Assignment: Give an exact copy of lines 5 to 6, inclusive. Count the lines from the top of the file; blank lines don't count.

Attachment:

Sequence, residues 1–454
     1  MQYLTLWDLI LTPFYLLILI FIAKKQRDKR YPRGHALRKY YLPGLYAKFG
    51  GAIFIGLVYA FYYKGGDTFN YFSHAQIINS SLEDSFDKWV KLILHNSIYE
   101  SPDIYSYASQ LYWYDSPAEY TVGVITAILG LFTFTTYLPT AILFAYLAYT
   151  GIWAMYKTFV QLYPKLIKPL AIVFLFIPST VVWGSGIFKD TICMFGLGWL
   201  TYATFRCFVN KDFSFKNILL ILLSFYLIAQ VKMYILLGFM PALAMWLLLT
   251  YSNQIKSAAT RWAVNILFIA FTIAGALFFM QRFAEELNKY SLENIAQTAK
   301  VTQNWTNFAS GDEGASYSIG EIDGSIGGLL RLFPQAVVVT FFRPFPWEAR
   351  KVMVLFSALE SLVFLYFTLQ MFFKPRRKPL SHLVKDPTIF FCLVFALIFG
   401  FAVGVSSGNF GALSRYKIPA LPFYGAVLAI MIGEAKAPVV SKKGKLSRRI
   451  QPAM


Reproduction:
   151  GIWAMYKTFV QLYPKLIKPL AIVFLFIPST VVWGSGIFKD TICMFGLGWL
   201  TYATFRCFVN KDFSFKNILL ILLSFYLIAQ VKMYILLGFM PALAMWLLLT